Leashes like that, though effective, only makes the dog uncomfortable. It's a punish and he might start to dislike walking with you alltogether. Depending a bit on the race. Some dogs or quite 'dumb' and will repeatedly follow the same patterns, despite outcome. But in case of german shephards for example. They tend to have a very good memory and if something is not to their liking. It will influence them for the rest of their lives.

    If you are able to keep the focus of the dog on an item you have in your pocket. And occasionally play with it with her so she likes to walk right next to you, focusing on the toy. She will most likely learn and enjoy to walk right next to you. And Encouraging the good behaviour by supplying the treat. (Without ever giving the ball when pulling.) You can in time transition the prize toy with a mere pat on the back for walking next to you.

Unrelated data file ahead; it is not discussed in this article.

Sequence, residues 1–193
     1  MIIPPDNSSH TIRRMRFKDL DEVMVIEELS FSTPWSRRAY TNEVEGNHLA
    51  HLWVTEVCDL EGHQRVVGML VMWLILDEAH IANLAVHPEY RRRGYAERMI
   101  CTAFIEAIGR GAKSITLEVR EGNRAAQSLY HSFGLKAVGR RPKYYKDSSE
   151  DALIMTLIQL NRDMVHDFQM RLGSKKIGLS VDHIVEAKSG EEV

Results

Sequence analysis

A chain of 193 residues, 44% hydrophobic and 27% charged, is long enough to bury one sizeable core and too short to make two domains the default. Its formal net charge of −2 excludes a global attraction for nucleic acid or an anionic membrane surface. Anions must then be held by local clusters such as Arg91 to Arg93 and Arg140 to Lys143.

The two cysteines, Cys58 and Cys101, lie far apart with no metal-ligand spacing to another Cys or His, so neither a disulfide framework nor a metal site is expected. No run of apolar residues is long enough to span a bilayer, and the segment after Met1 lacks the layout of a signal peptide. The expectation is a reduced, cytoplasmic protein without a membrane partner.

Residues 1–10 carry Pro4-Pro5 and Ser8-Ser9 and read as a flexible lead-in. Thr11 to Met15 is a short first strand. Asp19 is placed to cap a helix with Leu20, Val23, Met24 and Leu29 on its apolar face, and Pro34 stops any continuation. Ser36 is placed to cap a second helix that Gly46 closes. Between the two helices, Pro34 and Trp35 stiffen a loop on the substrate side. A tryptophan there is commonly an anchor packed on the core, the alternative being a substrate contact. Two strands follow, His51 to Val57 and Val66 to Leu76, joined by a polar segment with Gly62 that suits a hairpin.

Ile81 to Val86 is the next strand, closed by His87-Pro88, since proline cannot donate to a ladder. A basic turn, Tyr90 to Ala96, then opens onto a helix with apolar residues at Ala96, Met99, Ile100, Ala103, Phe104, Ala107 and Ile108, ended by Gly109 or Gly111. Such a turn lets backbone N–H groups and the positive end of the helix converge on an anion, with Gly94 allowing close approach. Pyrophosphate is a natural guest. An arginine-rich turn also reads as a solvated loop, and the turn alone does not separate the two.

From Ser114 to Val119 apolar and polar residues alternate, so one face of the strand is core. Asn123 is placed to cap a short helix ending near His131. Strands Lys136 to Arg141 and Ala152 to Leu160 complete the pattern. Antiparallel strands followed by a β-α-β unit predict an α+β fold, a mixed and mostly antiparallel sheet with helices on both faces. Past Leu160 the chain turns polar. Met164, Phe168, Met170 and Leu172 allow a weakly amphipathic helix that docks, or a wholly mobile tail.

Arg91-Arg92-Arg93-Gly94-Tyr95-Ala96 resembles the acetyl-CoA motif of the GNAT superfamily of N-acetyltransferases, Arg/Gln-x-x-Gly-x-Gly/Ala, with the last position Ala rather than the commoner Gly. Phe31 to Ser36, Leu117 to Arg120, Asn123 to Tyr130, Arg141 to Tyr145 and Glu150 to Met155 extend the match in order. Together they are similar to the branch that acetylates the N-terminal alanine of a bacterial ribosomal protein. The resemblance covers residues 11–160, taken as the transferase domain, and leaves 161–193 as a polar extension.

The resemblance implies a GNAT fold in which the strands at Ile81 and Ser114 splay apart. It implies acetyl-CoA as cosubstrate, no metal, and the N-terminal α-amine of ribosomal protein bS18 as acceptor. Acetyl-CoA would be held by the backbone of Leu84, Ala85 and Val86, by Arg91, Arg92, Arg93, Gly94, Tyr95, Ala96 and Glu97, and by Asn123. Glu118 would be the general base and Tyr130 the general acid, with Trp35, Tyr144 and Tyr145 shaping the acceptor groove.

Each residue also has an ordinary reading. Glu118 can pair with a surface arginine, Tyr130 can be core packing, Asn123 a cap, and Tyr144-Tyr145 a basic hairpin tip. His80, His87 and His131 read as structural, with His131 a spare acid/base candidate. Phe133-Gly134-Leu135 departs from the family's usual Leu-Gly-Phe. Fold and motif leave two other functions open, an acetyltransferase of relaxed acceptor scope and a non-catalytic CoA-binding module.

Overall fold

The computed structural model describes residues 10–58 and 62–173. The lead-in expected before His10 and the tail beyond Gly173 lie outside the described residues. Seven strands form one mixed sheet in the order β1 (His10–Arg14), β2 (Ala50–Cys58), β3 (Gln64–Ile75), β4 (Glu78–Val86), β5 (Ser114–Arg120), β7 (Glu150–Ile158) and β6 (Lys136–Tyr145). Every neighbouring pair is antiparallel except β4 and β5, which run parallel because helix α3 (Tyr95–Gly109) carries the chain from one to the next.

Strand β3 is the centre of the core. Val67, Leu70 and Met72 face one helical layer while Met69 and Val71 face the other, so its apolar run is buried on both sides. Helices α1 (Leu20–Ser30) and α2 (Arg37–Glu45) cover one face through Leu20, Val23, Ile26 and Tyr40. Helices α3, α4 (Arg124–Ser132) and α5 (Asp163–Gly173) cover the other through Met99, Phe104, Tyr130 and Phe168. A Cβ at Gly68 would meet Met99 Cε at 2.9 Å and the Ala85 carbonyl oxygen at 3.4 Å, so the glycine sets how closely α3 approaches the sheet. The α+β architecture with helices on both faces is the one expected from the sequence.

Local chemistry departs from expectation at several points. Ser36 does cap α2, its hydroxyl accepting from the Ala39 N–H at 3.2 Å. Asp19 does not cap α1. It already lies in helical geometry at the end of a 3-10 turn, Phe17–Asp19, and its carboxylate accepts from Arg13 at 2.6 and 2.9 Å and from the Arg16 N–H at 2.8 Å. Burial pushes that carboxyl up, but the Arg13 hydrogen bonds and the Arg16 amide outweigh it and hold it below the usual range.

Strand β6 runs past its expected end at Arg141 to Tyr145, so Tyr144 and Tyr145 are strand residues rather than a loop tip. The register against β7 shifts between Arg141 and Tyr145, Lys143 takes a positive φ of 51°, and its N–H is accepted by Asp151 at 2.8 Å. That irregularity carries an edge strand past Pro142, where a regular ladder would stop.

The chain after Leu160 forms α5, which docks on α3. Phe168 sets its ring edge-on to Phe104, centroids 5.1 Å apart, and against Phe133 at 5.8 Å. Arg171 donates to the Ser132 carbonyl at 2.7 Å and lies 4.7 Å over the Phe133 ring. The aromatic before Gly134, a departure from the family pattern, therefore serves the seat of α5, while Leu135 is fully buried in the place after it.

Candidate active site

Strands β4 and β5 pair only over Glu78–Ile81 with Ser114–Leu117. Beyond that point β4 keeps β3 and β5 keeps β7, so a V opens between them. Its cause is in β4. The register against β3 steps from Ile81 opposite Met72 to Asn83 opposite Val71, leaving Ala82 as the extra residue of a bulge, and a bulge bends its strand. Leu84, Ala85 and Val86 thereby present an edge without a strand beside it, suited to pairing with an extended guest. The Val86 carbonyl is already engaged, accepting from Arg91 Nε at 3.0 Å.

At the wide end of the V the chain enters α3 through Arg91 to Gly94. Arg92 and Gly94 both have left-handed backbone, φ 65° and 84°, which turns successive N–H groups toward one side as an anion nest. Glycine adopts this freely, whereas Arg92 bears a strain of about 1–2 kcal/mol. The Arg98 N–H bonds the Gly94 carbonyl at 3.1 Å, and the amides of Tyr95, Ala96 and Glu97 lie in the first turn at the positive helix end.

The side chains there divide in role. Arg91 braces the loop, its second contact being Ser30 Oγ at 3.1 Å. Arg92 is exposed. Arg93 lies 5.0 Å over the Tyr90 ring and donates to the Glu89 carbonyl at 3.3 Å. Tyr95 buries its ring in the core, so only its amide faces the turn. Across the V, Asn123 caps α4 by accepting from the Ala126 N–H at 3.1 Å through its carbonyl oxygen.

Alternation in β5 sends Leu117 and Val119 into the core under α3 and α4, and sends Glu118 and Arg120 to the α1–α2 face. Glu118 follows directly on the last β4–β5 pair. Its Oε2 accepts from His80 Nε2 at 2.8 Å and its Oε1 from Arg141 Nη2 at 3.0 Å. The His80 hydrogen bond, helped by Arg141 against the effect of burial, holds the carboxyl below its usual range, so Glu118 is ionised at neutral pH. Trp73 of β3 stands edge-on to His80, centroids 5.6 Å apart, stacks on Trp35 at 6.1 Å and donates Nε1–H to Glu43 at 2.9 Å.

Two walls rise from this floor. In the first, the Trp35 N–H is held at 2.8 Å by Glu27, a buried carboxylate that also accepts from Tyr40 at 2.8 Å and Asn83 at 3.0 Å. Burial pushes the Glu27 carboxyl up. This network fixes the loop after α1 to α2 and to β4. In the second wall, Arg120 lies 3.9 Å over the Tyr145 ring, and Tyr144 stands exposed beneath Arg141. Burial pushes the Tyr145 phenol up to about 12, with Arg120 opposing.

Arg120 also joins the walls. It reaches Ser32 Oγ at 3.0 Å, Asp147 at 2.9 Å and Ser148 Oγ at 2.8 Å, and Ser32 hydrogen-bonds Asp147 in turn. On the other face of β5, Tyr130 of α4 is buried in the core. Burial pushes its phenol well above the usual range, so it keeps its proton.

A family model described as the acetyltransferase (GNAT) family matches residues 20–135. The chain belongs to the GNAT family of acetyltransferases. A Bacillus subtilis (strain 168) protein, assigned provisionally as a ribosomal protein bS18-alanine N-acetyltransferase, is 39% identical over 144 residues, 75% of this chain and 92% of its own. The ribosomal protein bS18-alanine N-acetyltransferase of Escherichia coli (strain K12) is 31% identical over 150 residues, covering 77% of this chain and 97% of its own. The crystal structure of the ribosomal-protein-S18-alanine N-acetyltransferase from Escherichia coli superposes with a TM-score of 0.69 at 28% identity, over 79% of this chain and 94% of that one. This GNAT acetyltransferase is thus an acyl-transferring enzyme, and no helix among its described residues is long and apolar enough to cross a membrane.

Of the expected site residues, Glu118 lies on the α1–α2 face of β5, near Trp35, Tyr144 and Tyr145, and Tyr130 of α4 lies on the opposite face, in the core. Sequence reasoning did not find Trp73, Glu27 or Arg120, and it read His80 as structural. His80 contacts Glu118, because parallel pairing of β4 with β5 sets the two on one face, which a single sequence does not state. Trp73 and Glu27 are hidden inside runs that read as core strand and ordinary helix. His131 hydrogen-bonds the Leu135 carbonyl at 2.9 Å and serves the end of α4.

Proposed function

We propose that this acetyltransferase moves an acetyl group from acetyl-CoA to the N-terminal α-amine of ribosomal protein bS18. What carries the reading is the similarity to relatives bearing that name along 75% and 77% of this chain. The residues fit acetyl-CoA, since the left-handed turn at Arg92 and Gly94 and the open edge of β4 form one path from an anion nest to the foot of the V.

To get her to walk next to you, you just have to get her interested in whatever is in your pocket. Watch how long her attention span to it is and everytime you lure her next to you, try to stall giving the prize and let her walk next to you for it for a while, then giving it to her. But remember, it is imperitive you attempt to show the dog in time that it's the proper walking method (next to you) is the reason she gets the prize. Giving the toy to her when she is pulling would completely undermine your intentions and cause the whole training exercise to fail, especially if she is a particularly smart, evolving dog.



    Anyhow, every dog is different and could use different approaches. But point 1 and 2 that I mentioned are always winner. Can't really go wrong as long as you follow those two rules.